Florida State College at Jacksonville (FSCJ) was recently awarded two $1.2 million, five-year Talent Search grants from the U.S. Department of Education to promote postsecondary education access and equity for low-income, first generation college students.
The first grant is a renewal for FSCJ’s South Campus Talent Search program which has been in operation since 2007 to benefit students at Englewood, Terry Parker and Samuel W. Wolfson high schools, and Alfred I. DuPont, Fort Caroline and Southside middle schools. Each year, the program has served 500 students with the expressed potential to succeed in higher education. From 2013-15, 73 percent of the Talent Search graduates enrolled in a program of postsecondary education.
Karen Zelaya, a 2013 FSCJ graduate with her bachelor’s degree in business administration and participant in the Talent Search program as an Englewood High School student, said, "As the first person in my family to attend college, I didn't have access to anyone with experience who could give me their insights and advice as I applied to college. The Talent Search program provided me with a view from 'inside,' helped me learn what opportunities and resources were available and allowed me to develop valuable skills that simplified the entire process."
The second grant will allow FSCJ to build on the program’s success and multiply its impact for inner city students from Andrew Jackson, William M. Raines, A. Philip Randolph and Jean Ribault high schools. FSCJ’s Downtown Campus will now have the resources to provide support for students in an area of Jacksonville where the poverty rates are highest and educational attainment rates are lowest.
“Students in Jacksonville’s Urban Core are in need of support to help change their circumstances and the trajectory of their future,” said Downtown Campus President Dr. Marie Gnage. “We have seen such tremendous results for students on Jacksonville’s Southside since the program was implemented there, and we are eager to see similar impact for students living in downtown Jacksonville.”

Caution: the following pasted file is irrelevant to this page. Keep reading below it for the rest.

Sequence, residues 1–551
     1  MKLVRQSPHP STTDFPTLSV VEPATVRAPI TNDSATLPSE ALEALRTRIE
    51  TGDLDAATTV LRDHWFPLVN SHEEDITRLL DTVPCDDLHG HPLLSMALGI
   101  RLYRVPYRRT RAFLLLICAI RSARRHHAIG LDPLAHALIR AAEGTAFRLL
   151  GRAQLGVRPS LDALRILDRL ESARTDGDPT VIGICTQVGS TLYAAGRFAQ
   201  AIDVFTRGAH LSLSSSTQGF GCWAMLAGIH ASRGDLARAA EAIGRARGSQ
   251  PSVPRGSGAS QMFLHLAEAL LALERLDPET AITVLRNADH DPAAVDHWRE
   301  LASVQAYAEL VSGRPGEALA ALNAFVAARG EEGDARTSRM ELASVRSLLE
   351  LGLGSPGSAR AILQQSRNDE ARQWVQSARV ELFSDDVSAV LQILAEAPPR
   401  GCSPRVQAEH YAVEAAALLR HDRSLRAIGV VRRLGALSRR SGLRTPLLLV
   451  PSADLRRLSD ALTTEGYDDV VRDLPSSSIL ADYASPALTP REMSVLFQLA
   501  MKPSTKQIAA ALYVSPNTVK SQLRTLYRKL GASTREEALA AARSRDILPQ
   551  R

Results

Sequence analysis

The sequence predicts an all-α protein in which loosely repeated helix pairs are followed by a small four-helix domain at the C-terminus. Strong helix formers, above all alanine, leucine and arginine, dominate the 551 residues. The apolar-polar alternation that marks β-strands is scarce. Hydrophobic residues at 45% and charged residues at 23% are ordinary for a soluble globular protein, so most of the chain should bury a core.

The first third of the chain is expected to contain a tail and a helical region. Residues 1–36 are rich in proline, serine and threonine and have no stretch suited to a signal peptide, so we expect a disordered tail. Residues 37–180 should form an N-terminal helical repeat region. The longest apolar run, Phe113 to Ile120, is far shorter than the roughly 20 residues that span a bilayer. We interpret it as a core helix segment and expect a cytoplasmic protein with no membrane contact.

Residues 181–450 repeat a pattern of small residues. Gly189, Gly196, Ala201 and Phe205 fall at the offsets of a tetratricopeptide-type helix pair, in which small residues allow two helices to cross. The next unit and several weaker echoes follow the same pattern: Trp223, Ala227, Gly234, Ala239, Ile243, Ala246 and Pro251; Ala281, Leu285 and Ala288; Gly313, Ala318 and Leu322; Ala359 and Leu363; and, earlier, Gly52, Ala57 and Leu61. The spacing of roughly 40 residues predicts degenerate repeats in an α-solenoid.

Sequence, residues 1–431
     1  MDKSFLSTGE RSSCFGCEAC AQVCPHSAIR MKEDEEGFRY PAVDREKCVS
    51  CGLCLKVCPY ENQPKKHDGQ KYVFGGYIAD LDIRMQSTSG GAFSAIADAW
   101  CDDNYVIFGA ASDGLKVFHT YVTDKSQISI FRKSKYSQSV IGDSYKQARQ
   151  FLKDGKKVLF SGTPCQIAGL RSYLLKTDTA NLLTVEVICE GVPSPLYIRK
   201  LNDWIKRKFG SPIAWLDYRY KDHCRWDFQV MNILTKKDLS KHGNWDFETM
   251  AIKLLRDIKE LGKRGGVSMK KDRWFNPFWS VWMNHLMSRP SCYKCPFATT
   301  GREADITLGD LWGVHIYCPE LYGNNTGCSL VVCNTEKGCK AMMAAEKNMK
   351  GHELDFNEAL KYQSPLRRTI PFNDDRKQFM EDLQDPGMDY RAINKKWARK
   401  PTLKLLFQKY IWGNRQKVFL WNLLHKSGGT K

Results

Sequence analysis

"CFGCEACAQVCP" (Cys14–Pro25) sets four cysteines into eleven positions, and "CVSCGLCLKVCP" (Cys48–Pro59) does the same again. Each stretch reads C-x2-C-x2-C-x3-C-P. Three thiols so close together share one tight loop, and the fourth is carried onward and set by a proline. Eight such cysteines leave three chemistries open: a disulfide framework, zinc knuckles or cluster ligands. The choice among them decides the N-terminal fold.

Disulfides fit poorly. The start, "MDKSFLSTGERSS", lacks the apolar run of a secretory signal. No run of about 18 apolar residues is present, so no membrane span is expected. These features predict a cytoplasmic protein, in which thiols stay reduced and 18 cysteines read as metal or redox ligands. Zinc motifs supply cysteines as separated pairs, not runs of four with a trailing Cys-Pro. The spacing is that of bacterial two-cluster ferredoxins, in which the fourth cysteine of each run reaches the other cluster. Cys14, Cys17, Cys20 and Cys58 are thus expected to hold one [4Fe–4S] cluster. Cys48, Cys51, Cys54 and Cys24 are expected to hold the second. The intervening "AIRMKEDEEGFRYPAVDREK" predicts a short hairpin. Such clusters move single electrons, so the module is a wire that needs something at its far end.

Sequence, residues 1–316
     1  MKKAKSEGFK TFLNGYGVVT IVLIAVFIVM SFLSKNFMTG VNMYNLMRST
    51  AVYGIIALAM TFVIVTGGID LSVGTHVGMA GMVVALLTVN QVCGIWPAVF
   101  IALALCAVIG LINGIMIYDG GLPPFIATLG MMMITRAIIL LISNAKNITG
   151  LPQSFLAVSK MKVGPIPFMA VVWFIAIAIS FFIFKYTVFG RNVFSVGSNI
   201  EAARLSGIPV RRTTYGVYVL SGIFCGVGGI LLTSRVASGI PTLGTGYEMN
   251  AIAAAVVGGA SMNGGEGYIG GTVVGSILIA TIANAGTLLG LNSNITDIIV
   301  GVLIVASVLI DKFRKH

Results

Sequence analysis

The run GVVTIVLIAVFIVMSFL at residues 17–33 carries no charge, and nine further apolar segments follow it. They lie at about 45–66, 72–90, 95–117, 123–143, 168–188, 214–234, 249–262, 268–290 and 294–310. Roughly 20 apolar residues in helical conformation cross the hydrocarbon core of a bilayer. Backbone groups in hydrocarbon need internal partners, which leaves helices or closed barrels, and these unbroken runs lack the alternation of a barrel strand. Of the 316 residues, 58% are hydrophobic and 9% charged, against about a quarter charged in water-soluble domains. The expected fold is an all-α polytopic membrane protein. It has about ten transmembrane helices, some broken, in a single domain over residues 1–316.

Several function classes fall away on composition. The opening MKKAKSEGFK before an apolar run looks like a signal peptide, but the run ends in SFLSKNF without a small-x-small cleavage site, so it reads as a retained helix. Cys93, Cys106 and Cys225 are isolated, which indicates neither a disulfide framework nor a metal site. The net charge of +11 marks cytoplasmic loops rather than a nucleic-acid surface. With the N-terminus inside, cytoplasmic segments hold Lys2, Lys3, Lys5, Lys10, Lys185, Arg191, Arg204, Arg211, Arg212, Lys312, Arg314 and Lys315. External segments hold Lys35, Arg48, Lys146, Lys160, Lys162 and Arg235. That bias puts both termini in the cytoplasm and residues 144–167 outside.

Talent Search’s range of services provides students with a customized and comprehensive menu of options based on their changing and individualized needs. Resources designed to remove barriers to success include tutoring and study skills, student-specific success plans, an online peer-to-peer support network, group workshops for college and career exploration, time management skills, test taking strategies and college entrance exam preparation, financial aid assistance, scholarship identification support, financial literacy for both the students and their families, academic advising, college tours, admission application support and various other social and cultural activities.
The project aims to meet the following objectives:
- Increase the percentage of non-senior participants who complete the current academic year and continue their education at the next grade level.
- Increase the percentage of seniors served who graduate within the standard number of years.
- Increase the percentage of students who graduate within the standard number of years from a rigorous secondary school program of study.
- Increase the percentage of students who enroll in an institution of higher education by the fall semester immediately following high school graduation.
- Increase the percentage of students who complete a postsecondary education program within six years of graduation from high school.
“The Talent Search program will bolster our efforts to increase both academic and school culture measures for students in poverty stricken areas of Jacksonville,” said Assistant Superintendent over the Duval Transformation Region of Duval County Public Schools Iranetta Wright. “I am encouraged by the opportunity and support the program promises to deliver for our community’s future.”